SC CTSI Research Scholar is Developing New Ways to Lessen Trauma for Kids Undergoing Chemotherapy

A USC occupational scientist is extending her previous research with children with autism spectrum disorder to identify mechanisms to manage stress and pain during medical procedures.

Paul Karon — November 09, 2016

The repeated pain, discomfort, and anxiety children with cancer experience during chemotherapy treatments can have serious health ramifications, explained Leah Stein Duker,  PhD, OTR/L Research Assistant Professor at USC Mrs. T.H. Chan Division of Occupational Science and Occupational Therapy.

These treatments are a grueling ordeal both for the children as well as their caregivers, putting both at risk for adverse mental and physical health consequences, such as posttraumatic stress symptoms (PTSS) or posttraumatic stress disorder (PTSD).

Leah Stein Duker, PhD, OTR/L

"There's been a lot of research on children undergoing invasive procedures for cancer treatment, but very little is known about their stress reactions to chemotherapy infusions themselves," said Duker. "This a serious omission because the vast majority of pediatric cancer patients go through chemo. They may have just one surgery, for example, but many potentially stress-inducing infusions."

Duker has already delved into this topic with another patient population. Alongside a team of researchers led by Dr. Sharon Cermak, she previously studied ways to help children with autism spectrum disorder (ASD) better tolerate dental procedures; dental visits are significantly more challenging for children with ASD compared to typically developing children.

In that research, Duker studied the impact of a sensory adapted dental environment on the physiological and behavioral distress experienced by children receiving dental care. Experimenters dimmed and altered lighting, added calming music, and wrapped the children in a special “butterfly” vest to provide a hugging sensation.


Distress measures--determined by factors such as skin conductivity, overt behavioral distress, pain and discomfort, among others--all improved in the adapted environment in both children with ASD and the typically developing control group. "We found that environmental adaptations reduced the activation of the sympathetic, fight or flight, nervous system, along with pain and challenging behaviors," said Duker.

Translating findings to many patient populations.

These findings, Duker believes, have broad implications for clinical/translational research into reduction of distress and pain for other patient populations during challenging health care procedures.

Her first clinical/translational target is the chemotherapy infusion environment for pediatric cancer patients.

This is largely new investigatory ground, requiring numerous steps to determine experimental elements, such as which factors of the infusion procedure and environment cause the greatest distress, and how to develop an objective measure of stress responses and pain that could be utilized in clinical studies.

As a scholar in the Southern California Clinical and Translational Science Institute's (SC CTSI) Workforce Development program, which administers the Clinical and Translational Research Scholar (CTR) program, Duker is receiving training and support to expand her research and study environmental modification interventions for other patient populations.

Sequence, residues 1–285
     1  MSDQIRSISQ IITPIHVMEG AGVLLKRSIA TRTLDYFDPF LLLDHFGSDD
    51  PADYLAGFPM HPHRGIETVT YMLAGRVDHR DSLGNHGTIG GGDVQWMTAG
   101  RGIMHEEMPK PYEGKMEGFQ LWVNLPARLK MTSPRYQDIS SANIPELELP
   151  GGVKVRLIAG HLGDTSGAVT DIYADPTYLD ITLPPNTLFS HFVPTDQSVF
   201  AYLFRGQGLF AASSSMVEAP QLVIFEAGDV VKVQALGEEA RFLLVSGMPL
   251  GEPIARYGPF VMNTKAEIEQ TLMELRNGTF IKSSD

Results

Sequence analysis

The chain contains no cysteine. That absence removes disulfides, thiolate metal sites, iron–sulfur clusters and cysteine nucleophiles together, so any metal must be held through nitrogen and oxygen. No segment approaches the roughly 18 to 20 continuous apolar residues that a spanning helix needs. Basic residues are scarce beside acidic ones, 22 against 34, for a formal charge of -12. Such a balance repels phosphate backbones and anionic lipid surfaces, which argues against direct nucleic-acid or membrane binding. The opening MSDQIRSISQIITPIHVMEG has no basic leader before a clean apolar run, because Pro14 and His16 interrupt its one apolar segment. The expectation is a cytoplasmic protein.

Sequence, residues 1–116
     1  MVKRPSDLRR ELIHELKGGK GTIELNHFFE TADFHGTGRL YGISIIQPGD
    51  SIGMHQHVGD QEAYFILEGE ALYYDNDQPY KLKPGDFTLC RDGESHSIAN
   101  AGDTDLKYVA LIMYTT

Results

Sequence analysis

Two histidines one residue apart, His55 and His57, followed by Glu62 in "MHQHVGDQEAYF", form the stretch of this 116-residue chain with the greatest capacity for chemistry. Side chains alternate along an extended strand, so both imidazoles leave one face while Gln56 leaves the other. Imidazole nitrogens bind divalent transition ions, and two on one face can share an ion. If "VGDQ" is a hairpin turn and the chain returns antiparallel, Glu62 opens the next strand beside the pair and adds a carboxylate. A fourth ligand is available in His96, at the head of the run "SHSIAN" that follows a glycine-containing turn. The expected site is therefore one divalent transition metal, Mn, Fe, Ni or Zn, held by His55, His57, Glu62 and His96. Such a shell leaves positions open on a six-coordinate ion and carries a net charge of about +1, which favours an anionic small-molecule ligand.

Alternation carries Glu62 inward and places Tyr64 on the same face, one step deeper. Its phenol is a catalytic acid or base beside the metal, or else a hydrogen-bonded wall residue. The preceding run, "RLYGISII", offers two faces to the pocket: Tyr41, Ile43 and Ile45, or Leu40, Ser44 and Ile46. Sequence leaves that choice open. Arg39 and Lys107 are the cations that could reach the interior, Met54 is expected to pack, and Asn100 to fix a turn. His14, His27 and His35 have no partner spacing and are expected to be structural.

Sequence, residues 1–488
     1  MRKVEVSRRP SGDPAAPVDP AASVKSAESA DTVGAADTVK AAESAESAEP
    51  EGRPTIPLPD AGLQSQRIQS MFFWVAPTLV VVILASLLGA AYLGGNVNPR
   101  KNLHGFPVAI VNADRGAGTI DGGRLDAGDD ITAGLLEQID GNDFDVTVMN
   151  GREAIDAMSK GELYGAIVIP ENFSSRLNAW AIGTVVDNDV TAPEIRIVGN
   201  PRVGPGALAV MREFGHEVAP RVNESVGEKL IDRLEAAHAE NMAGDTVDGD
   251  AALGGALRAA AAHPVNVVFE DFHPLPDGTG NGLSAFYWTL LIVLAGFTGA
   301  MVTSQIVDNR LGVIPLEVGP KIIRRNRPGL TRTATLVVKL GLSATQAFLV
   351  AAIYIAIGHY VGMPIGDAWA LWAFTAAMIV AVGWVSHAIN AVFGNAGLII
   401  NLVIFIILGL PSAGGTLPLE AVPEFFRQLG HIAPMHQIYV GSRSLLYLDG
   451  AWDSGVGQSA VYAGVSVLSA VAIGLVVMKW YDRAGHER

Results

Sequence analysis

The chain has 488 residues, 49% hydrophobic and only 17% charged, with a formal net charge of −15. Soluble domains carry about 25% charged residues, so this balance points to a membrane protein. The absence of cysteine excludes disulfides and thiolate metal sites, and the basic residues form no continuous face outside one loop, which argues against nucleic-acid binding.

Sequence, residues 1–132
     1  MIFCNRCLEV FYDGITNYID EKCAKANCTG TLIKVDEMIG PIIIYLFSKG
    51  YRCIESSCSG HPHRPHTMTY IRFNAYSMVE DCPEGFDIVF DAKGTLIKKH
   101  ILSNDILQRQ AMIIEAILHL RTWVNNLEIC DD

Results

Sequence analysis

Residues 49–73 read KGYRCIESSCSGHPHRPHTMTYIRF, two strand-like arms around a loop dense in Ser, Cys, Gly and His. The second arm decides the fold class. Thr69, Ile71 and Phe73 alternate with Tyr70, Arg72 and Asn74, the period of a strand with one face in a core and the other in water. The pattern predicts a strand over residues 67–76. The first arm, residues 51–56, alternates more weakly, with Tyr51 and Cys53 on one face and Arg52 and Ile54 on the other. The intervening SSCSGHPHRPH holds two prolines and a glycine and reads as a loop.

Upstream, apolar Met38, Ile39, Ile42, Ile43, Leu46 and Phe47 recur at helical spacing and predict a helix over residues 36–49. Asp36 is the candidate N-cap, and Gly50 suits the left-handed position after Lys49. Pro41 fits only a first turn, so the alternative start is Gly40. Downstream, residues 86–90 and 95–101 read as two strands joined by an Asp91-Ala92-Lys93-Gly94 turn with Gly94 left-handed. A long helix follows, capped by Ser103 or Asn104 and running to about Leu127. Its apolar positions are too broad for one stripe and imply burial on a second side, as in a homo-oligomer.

For Duker, the CTR training is enabling her to carve out a unique niche within occupational science that can help strengthen her development as a principal investigator. "The idea of the environmental model has been used but I'm applying it to a totally new population and a new procedure," explained Duker.  

Each year the SC CTSI Workforce Development program awards a cohort of up to four fellowships (formerly called KL2 scholars) to clinical and translational investigators. The training provides fellows such as Duker opportunities to learn and refine a wide range of scientific and professional skills needed to become clinical investigators, including the knowledge to complete a grant application with a strong probability of being funded.

Cross-disciplinary collaborators.

In fact, the scholars frequently become collaborators, part of a strategy by Workforce Development educators to develop skills in the increasingly important areas of team science and cross-disciplinary research.

For example, Duker at first had trouble recruiting participants for her research, but got recommendations from fellow and past scholars when she presented a research update at a CTSI meeting.

"In our group of scholars we have overlapping interests to some degree -- in pediatrics, oncology, and stress reduction," said Duker. "So we are all going through the program together and learning not just from the SC CTSI instructors but also from each other."

The Clinical and Translational Research (CTR) Scholar Program is a three-year program created to support research career development for health professionals or individuals with research doctoral degrees who wish to pursue formal training and a career in clinical and translational research. The SC CTSI Workforce Development (WD) group (formerly Education, Career Development, and Ethics-ECDE) has funding through the National Institutes of Health (NIH), to award up to four Clinical and Translational Research (formerly KL2) candidates every year.

NIH Funding Acknowledgment: Important - All publications resulting from the utilization of SC CTSI resources are required to credit the SC CTSI grant by including the NIH funding acknowledgment and must comply with the NIH Public Access Policy.